Lins’s Pencil Pick #1: BONDS ‘The Boys’ by Guilty
This campaign is a riot from start to finish. It’s no secret that underwear has a lot of comedy mileage but very few brands who sell it have the balls (excuse the pun) to play it for laughs. Bonds did. And with great success. They could have picked a run-of-the-mill campaign that banged on about their seamless stitching, or got a body-beautiful celebrity to show the product off, but why would that make Australian men pay any attention when it’s what everyone else is doing?
Instead they went straight to the heart of the matter and showed them exactly the impact a poorly fitting pair of undies is having on their crown jewels.
So we have two guys in gold lycra body suits suspended in egg shaped seats reacting to cold, heat, sports, attractive colleagues, talcum powder. Brilliant. I think out of all of them, the one where they ‘pop out’ during some lunges is my personal favourite. The dialogue, scenarios and acting are wonderfully executed.
And all the ads are underpinned by a strong message – men need to look after their balls. And the best way to do that, according to Bonds, is to keep them comfy in a nice new pair of Bonds undies.
Lins’s Pencil Pick #2: ‘Filling the gap’ for Gómez-Acebo & Pombo by Interbrand
Law firms aren’t well known for their dynamic brand identities, which is exactly why I love this branding for Spanish law firm, Gómez-Acebo & Pombo’s. The idea behind it is simple. Their initials spell out GAP and as lawyers, they ‘fill the gap’ between problem and solution. The execution is both elegant and versatile.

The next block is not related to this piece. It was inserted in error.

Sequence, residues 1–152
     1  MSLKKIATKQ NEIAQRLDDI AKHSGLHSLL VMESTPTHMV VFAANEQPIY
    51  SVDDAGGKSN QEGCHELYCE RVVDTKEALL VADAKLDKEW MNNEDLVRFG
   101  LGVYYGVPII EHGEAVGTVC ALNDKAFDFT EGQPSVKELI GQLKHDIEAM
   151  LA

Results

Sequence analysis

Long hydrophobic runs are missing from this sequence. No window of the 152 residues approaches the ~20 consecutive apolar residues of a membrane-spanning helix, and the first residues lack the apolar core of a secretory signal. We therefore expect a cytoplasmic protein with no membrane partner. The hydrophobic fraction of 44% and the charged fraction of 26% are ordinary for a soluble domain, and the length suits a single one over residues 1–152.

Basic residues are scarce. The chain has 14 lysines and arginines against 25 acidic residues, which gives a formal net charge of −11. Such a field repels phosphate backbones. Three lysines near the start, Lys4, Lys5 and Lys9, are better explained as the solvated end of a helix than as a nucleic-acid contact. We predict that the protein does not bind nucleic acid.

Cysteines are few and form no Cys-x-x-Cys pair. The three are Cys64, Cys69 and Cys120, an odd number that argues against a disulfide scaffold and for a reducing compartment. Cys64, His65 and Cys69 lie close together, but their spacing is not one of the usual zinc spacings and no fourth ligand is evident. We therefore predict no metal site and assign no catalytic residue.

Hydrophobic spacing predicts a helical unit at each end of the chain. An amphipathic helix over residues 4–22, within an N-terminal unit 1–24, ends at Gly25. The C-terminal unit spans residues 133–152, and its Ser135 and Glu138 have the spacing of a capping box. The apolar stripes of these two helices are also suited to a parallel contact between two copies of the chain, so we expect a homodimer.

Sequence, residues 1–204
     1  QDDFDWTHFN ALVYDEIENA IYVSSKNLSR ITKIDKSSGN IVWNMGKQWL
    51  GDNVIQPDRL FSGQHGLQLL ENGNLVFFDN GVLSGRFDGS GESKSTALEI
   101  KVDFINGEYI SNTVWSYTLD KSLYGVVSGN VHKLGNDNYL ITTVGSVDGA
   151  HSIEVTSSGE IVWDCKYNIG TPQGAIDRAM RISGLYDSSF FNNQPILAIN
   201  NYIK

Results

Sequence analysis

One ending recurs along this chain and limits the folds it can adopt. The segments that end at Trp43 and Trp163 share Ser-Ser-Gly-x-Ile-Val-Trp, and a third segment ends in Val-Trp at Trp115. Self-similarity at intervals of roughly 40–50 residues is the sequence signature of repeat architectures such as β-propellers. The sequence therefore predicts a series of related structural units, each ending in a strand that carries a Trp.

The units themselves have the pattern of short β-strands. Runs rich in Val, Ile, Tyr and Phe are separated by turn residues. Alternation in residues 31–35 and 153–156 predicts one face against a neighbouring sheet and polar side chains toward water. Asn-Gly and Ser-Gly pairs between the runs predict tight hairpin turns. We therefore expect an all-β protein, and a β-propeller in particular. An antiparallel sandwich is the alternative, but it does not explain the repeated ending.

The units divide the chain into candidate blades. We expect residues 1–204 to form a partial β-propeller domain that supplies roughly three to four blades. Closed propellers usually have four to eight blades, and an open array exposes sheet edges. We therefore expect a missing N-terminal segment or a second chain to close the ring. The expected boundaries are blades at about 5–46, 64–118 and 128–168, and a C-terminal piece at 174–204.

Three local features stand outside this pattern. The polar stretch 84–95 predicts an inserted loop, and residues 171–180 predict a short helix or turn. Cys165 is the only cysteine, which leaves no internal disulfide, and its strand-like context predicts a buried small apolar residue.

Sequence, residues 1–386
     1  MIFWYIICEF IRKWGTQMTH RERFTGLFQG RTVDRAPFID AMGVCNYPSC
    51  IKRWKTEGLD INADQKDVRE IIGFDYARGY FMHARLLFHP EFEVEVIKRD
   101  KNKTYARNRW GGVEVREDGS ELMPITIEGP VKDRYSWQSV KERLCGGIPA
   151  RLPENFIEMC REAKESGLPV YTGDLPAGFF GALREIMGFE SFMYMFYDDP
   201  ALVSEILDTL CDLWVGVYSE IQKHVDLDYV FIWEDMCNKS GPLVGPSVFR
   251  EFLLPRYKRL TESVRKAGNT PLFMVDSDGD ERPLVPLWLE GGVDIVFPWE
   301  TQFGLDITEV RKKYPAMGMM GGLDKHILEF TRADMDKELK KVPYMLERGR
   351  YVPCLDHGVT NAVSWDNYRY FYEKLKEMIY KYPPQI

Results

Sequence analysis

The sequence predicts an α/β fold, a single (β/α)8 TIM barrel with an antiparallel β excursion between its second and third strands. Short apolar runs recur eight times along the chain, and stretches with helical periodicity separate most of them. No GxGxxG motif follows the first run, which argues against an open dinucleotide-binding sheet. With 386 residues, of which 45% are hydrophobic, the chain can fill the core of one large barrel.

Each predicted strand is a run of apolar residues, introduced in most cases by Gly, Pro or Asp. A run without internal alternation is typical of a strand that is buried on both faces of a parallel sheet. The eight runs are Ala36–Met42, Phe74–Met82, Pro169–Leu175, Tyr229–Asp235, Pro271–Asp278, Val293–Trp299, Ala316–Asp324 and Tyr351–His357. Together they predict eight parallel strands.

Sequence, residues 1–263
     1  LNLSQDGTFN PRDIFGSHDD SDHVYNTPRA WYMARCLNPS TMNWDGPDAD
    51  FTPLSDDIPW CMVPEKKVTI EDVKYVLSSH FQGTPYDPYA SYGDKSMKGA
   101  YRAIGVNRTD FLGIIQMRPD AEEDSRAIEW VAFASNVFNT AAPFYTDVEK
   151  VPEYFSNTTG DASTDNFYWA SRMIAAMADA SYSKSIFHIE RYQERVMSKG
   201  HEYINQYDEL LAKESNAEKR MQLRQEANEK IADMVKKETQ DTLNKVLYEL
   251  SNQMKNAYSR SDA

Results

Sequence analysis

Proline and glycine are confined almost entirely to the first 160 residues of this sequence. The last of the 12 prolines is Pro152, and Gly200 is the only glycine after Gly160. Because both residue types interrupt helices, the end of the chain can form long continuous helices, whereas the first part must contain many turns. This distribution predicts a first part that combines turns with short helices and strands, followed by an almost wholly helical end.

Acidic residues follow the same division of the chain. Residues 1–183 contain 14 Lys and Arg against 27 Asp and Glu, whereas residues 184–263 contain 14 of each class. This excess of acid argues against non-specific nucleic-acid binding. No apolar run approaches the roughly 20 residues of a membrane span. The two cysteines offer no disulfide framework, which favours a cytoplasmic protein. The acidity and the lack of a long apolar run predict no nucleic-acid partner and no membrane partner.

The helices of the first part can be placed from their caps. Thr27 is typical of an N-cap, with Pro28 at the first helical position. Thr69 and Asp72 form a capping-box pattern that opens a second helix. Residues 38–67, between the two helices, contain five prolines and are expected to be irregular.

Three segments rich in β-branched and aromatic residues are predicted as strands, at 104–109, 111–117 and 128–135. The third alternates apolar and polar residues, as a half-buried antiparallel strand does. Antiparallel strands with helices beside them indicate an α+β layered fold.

I especially like the way the ‘window’ graphic device is used and how it flexes across the various media.
With Filling the Gap, Interbrand have created a platform for Gómez-Acebo & Pombo’s to tell their brand story, and to bring to life their mission to ‘assist, defend and protect’ people who can’t help themselves.
Lins’s Pencil Pick #3: The Field Trip to Mars for Lockheed Martin by McCann New York
Now, this project completely blew my mind. It’s not advertising in its traditional sense but it pushes the boundaries of storytelling, experiential and interactivity to places where no brand has gone before. To Mars, in fact.
The concept was to create the world’s first group virtual reality experience. How? By taking a bus load of school children on a virtual science field trip to Mars. The sheer scale of it is mind-boggling. Not helped at all by the fact that the technology to do it didn’t even exist at the start of the project. Yet after two years in development, a team of collaborators successfully created a tech-enhanced bus that mapped the streets of Washington DC to footage of a Martian landscape that was viewed through specially-formulated, interactive window ‘screens’.
The whole point of this was to inspire future generations about the potential for space travel and exploration. It also expanded the minds of lots of creatives who never even dreamed that a group virtual reality installation like this was possible.
So there you have it. Our top picks. Do you agree? Get in touch on social media to share your thoughts and highlights.
Alternatively, if you’d like to learn more, give us a call on 0161 831 0831 and ask for Steph or get in touch at firstname.lastname@example.org.
Also published on Medium.